Wednesday, June 15, 2011

Alice's Adventures in Drugland

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Lewis Carroll’s remarkable storybook, Alice’s Adventures in Wonderland, has brought much joy and entertainment to readers of all ages for several generations. Although it could be analyzed a number of ways, one possible means of interpretation is that this children’s fantasy is a tale that parallels drug use and addiction. Perhaps this is one reason audiences both young and old enjoy Carroll’s story; on one hand, little children love the fantasy Alice encounters throughout her journey, but on the other hand, adults find humor in or take notice of the effects that mind altering drugs have on the main character.

At the beginning of her adventure, Alice is confronted with an odd bottle of liquid with no label explaining what the fluid is except the message “drink me.” After some hesitation, Alice “…ventured to taste it, and finding it very nice…she very soon finished it off” (Carroll 4). As a result, she finds herself shrinking. Under normal circumstances, a human shrinking in size is near impossible, but if one were to consider that the drink contained a drug, then it is easy to understand why Alice believes she is getting smaller and smaller. Likewise, the reader soon finds Alice growing to huge proportions after eating a cake (5-6), which was likely made with some substance to give its consumer such a feeling. Later on, Alice ends up in the White Rabbit’s house and sees another bottled beverage in one of the rooms. By this time, she figures, “ ‘I know something interesting is sure to happen…whenever I eat or drink anything so I’ll just see what this bottle does….’” (41). At this point, one can see an addiction forming as the girl no longer hesitates and expects something to happen as a result of drinking whatever is in the bottle. There is still yet another instance where Alice is seen to eat parts of a mushroom in order to achieve a certain effect (54). This can be paralleled with the psychedelic mushrooms in the real world, which are used to attain a “high” state. Towards the end of the book, tarts are the issue of debate in the royal courtroom, and Alice finds herself wanting to eat them as soon as possible, thinking, “ ‘I wish they’d get the trial done, …and hand out round the refreshments!’” (10). It becomes apparent that the main character has now formed a full addiction to these drugged provisions.

Other effects from being under the influence (besides the changing of size) take their toll on little Alice as she ventures trough her world of strangeness. In one instance, Alice tries very hard to recall things that she had learned from her lessons, only to find that she cannot remember them at all, “Let me see four times five is twelve, and four times six is thirteen….London is the capital of Paris, and Paris is the capital of Rome…” (8). The inability to remember simple facts is a common side effect of drugs such as narcotics, and Alice seems very much induced by such substances � she even has a hard time figuring out who she is, and decides that she has been transformed into someone else; “Who in the world am I?…. I’m sure I’m not Ada….I’m certain! I must have been changed to Mabel!’” (8). Further examples for when Alice’s memory fails her is when she is faced with the challenge of reciting simple lines from passages, and discovers that she no longer remembers the words, “ ‘Not quite right, I’m afraid,’ said Alice timidly ‘some of the words have got altered’” (5). This happens several times throughout the book (8, 50-5, 101).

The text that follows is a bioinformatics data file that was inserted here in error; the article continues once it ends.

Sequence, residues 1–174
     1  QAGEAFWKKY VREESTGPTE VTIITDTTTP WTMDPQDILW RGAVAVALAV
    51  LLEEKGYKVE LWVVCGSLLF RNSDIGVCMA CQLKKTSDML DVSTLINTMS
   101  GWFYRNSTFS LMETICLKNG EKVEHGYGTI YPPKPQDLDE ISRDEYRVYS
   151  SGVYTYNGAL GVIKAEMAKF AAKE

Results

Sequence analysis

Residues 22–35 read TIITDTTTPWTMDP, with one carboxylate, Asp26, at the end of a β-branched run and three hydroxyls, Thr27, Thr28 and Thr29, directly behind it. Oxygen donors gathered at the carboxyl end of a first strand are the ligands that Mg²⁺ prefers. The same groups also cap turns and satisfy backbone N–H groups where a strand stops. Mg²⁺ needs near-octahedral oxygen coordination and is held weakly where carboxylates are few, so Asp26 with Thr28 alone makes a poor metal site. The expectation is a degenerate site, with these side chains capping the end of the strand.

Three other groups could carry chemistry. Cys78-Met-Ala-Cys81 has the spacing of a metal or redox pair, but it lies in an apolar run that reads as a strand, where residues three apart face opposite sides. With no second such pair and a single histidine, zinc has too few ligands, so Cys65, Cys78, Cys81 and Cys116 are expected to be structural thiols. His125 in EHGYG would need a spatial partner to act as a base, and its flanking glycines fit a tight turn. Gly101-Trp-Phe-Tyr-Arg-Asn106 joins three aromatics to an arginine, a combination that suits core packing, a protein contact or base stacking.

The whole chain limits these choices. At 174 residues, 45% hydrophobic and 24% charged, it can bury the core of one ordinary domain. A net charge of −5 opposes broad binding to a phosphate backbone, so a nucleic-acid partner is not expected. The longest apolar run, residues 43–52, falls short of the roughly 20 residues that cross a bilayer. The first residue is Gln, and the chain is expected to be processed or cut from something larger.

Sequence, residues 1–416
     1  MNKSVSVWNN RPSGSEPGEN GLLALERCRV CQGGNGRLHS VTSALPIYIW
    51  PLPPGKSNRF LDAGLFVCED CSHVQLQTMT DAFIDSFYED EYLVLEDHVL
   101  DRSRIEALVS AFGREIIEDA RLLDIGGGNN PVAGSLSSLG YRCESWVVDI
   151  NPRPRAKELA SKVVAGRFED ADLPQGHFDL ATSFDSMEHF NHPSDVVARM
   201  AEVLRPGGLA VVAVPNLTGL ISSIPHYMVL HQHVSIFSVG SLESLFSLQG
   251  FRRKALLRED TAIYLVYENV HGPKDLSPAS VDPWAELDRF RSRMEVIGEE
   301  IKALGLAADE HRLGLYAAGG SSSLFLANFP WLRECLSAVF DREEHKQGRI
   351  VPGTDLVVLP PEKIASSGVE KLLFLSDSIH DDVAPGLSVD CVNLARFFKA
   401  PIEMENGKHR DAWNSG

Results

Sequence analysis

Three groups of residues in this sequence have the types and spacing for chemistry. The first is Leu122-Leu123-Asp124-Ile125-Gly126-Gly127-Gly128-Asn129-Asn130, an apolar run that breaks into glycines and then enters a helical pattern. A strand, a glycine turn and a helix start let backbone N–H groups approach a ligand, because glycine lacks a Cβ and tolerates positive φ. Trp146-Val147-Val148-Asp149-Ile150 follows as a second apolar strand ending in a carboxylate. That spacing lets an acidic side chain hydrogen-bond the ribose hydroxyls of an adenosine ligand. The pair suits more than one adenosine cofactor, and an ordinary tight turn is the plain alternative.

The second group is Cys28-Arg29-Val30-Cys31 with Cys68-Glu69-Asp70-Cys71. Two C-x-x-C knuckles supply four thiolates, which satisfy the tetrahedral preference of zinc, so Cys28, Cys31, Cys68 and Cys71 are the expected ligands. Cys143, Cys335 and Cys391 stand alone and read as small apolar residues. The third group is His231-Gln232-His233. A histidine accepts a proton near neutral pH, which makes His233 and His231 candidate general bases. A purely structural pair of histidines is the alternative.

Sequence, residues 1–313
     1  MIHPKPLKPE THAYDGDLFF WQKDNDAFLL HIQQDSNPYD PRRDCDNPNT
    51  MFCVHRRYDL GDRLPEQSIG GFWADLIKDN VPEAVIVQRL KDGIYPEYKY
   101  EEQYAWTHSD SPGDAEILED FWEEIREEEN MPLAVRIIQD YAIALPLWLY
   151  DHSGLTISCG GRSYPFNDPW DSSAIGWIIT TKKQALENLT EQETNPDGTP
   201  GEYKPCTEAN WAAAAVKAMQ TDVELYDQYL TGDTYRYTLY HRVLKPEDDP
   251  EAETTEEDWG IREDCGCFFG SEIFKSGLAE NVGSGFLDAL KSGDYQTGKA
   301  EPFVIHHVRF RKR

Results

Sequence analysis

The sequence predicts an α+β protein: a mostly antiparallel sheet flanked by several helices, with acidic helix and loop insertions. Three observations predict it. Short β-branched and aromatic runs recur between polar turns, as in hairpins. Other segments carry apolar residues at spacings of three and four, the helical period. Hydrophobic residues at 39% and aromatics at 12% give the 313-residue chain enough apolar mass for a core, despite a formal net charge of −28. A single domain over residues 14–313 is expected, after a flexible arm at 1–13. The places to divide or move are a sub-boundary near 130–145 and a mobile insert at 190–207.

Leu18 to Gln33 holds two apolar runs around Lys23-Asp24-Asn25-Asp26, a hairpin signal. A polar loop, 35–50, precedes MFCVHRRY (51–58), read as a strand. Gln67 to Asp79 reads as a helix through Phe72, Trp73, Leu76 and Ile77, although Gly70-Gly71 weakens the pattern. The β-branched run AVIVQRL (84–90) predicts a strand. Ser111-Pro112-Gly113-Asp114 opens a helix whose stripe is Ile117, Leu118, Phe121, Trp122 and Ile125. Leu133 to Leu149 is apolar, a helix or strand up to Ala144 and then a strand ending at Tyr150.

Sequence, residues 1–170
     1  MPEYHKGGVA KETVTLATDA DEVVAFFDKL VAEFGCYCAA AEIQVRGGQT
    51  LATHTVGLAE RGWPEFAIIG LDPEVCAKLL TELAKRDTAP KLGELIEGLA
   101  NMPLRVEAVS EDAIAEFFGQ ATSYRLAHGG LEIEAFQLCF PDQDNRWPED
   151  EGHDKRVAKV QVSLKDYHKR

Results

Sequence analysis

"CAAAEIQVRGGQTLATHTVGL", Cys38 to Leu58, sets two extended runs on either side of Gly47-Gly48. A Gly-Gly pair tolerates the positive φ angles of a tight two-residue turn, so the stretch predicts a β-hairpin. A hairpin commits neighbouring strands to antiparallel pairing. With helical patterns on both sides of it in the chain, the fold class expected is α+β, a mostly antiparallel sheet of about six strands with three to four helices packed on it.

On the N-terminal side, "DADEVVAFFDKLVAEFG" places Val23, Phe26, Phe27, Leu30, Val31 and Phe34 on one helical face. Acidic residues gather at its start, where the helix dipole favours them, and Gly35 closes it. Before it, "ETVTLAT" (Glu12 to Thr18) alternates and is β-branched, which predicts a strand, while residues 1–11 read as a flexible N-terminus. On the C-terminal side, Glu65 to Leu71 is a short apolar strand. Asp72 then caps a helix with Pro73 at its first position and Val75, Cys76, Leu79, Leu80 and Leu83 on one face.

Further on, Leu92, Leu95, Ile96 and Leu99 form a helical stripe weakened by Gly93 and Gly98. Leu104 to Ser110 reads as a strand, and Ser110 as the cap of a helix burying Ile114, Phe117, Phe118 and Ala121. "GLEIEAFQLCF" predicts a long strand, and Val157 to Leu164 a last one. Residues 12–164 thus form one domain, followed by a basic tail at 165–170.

Under the influence, Alice also appears to experience hallucinations as well. The whole episode of her meeting the hookah-smoking caterpillar (48-54) could just as well be Alice, smoking an opiate, envisioning herself as, “…a large blue caterpillar, that was sitting on the top, with its arms folded…taking not the smallest notice…of anything else” (48). This would greatly explain why the conversation between “the two” seems to go in circles (she is not talking with somebody, only to herself). Hallucinations would also explain why Alice encounters a “grinning” Cheshire Cat and its vanishing into thin air, a baby turning into a pig, and a puppy that is lager than life.

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In this Wonderland that little Alice as entered, everything she swallows seems to lead to an effect that only a mind altering drug would have (i.e. short term amnesia, speech impediment, hallucinations). Carroll formulates his book so that it tells the story of events which lead to the main character both forming an addiction to mind altering drugs, and experiencing their effects. These are the bits and pieces that the younger audience may not notice, but adult readers pick up on � and maybe even enjoy the story because of it. Perhaps publishers should make a version of Carroll’s classic for adults, calling it Alice’s Adventures in Drugland.

Carroll, Lewis. Alice’s Adventures in Wonderland & Through the Looking Glass. New York Signet Classic, 000.

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